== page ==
“C’mon Keira, you can’t be serious!” protested Rowana. “That thing’s a monster, isn’t it?”
Of course she was upset. Her girlfriend had just picked up a rather outrageous thing from a random pawn shop and seemed like she had the intention of looking after it. She wasn’t an adventurer herself, so she wasn’t 100% sure what the small, animate box really was, but it certainly didn’t look like a puppy.
“But! It’s so pretty! And it’s kinda cute, isn’t it?!” argued the catgirl in question.
Boxxy’s actual reason for wanting to look after this thing was a deep, nagging curiosity. Whatever this thing was, its internal structure was much different from its own. It was undoubtedly a type of mimic, but what kind was a mystery. It certainly wasn’t a Lesser or Greater variant of its old species, which meant it was likely a completely different being. Not to mention that looking after this thing was the perfect excuse to look up research materials regarding shapeshifters.
It certainly wasn’t because the thing was exceptionally shiny or anything.
“Rowana! Keira! Wait up!” shouted Lia from further back.
She had stayed behind for a few seconds to make sure the distressed pawnbroker was alright before following the other two. Luckily they’d only taken a few steps by the time she got out of the shop herself.
“Lia! Help me out here!” said both of the lovebirds at once.
“Okay! Let’s take a deep breath, calm down, and think this through. First of all, Keira, how in the blazes did you actually spot that creature?”
“... I thought I saw it twitch outside the corner of my eye. When I went into the shop, it realized it had this weird smell about it. That’s how I knew it wasn’t a simple box.”
What actually had happened was that it spotted the odd creature with its Mana Locator Gland. Since that’s not something it could state outright, it made up a believable excuse. The notion that beastkin had sharper senses than elves was not something Boxxy made up, but a sort of general knowledge that it found out from Xera when planning its disguise. Without this bit of convenient trivia, it would have made up some dubious reason like ‘I just knew’ or ‘it winked at me.’
“Wait, does it?”
Rowana leaned in and took a sniff of the mini-mimic that Keira had pressed against her chest. However, although that thing did have a scent of its own, it was being overpowered by the catgirl’s ‘perfume.’ Realizing that Lia was looking at her weirdly, the young Alchemist gave an embarrassed cough and straightened herself out.
“I, uh, guess it does,” she half-lied out of shame. She did think she detected an earthy odor rather than a woody one, so it was good enough.
“Anyway… Keira, do you know what that actually is?” asked Lia.
“It’s a type of mimic, obviously. But it’s different from what I heard they were like.”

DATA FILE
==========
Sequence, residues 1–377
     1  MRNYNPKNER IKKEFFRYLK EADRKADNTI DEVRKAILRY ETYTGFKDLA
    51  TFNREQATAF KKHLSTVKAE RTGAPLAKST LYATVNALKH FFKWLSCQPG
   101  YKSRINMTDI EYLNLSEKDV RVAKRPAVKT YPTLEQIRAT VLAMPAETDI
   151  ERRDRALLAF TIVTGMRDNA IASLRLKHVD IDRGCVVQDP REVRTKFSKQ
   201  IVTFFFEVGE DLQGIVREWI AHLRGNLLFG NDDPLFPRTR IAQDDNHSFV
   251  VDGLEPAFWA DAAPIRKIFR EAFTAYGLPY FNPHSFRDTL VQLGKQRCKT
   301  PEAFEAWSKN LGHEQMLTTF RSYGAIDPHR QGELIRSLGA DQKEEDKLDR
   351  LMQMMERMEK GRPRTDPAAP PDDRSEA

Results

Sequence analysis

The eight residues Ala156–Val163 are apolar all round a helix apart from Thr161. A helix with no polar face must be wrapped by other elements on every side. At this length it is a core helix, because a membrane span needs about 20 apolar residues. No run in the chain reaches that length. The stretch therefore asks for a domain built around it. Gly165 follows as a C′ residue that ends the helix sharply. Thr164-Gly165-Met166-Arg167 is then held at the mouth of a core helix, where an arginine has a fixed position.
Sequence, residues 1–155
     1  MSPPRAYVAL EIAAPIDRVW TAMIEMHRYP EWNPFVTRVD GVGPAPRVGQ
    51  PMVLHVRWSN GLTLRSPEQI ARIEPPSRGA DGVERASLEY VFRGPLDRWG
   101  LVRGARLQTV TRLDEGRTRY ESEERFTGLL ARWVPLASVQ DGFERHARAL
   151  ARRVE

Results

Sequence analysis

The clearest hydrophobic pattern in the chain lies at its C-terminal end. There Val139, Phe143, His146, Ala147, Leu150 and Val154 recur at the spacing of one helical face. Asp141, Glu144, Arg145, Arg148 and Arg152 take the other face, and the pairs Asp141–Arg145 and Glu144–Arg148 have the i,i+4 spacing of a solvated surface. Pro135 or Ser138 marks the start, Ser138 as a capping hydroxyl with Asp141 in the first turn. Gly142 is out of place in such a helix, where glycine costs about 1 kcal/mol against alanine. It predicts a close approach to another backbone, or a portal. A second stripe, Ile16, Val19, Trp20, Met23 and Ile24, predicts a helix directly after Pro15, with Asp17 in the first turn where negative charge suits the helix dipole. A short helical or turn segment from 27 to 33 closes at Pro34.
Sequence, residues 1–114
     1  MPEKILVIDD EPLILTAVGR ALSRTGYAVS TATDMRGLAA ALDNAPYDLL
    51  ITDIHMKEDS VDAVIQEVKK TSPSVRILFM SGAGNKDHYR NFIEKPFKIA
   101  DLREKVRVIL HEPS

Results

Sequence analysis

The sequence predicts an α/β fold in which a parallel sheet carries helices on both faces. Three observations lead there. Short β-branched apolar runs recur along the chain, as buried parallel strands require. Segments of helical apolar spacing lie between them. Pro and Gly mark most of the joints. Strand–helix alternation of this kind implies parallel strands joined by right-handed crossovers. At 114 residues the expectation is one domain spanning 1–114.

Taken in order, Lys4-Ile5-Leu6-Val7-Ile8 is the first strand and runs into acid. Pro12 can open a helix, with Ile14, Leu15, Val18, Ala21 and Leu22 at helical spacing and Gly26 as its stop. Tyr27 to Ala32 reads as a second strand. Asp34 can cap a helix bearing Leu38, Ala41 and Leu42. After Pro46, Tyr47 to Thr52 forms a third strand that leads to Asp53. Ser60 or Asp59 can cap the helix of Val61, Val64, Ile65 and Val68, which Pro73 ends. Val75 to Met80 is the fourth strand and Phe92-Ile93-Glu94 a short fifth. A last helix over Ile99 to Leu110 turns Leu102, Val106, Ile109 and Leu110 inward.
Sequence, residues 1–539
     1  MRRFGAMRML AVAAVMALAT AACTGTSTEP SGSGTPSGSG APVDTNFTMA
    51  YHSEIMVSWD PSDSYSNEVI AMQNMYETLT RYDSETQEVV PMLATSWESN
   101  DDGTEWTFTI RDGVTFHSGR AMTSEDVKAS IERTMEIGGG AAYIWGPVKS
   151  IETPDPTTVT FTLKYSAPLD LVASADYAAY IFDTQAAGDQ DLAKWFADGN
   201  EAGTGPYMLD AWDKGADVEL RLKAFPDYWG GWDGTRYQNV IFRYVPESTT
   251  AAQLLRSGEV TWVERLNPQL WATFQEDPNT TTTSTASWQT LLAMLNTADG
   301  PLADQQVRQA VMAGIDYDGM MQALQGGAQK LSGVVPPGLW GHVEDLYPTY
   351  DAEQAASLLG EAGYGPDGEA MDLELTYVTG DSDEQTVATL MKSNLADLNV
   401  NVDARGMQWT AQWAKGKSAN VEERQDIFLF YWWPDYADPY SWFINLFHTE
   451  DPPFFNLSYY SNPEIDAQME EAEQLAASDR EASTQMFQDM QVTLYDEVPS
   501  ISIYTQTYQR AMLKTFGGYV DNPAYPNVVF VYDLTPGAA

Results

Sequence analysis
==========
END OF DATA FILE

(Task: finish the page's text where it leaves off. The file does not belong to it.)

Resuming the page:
“Yeah, you do have a point.”
“What’s a mimic?” asked Rowana, who was clearly out of the loop.
“They’re dungeon-born monsters that usually look like treasure chests,” explained Lia. “Pretty much all the dungeons in the Republic have them, so they warn us in advance.”
“So it’s a monster after all, isn’t it?!”
“Maybe? I mean the ones I know of are supposed to be big enough to swallow a person whole and have rows of sharp teeth. This one seems… a lot less so.”
“How about dropping by the CC to check it out?” offered Keira. “Surely mister Faehorn or one of the others would know about it.”
“You sure it won’t just attack you?” asked Rowana nervously.
“It’ll be fine,” claimed the green-haired elf. “Keira clearly has a handle on things.”
It wasn’t because Boxxy was putting in any effort into it, either. The creature struggling inside its arms was so pathetically weak that even Rowana would be able to hold it down if she tried. Even if it were to bite something, those flat teeth didn’t look like they’d do a lot of damage.
“Well… okay… I can come with, right?”
“I wouldn’t have it any other way, Rowie!”
The trio proceeded towards the Central Consortium building. Despite everything, Lia did end up feeling like a third wheel as the other two flirted the entire way there. It made her more than a little bit uncomfortable, but she too was curious about that weird thing Keira had found. They arrived at the massive mansion-like building 15 minutes later. Inside it was a grand hallway, with a staircase at either end of it. Each floor was divided into two wings - a north and a south one - and each of the 8 guilds were assigned to a single wing. There were also a few common areas like the library, cafeteria or a number of meeting rooms, but the vast majority of each floor belonged to one guild or another.